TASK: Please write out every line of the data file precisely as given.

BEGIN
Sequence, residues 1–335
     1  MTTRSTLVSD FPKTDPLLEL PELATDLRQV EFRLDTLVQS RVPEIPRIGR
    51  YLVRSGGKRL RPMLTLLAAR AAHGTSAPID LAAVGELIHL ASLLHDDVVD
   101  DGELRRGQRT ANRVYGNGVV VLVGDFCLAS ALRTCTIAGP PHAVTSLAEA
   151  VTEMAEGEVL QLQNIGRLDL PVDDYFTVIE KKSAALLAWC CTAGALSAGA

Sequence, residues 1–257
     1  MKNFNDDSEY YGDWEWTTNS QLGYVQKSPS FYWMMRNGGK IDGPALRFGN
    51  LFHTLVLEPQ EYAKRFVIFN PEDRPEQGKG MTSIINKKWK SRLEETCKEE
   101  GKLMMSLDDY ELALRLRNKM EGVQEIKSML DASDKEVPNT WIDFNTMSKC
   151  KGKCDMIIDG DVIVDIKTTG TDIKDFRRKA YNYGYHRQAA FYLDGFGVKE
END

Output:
Sequence, residues 1–335
     1  MTTRSTLVSD FPKTDPLLEL PELATDLRQV EFRLDTLVQS RVPEIPRIGR
    51  YLVRSGGKRL RPMLTLLAAR AAHGTSAPID LAAVGELIHL ASLLHDDVVD
   101  DGELRRGQRT ANRVYGNGVV VLVGDFCLAS ALRTCTIAGP PHAVTSLAEA
   151  VTEMAEGEVL QLQNIGRLDL PVDDYFTVIE KKSAALLAWC CTAGALSAGA

Sequence, residues 1–257
     1  MKNFNDDSEY YGDWEWTTNS QLGYVQKSPS FYWMMRNGGK IDGPALRFGN
    51  LFHTLVLEPQ EYAKRFVIFN PEDRPEQGKG MTSIINKKWK SRLEETCKEE
   101  GKLMMSLDDY ELALRLRNKM EGVQEIKSML DASDKEVPNT WIDFNTMSKC
   151  KGKCDMIIDG DVIVDIKTTG TDIKDFRRKA YNYGYHRQAA FYLDGFGVKE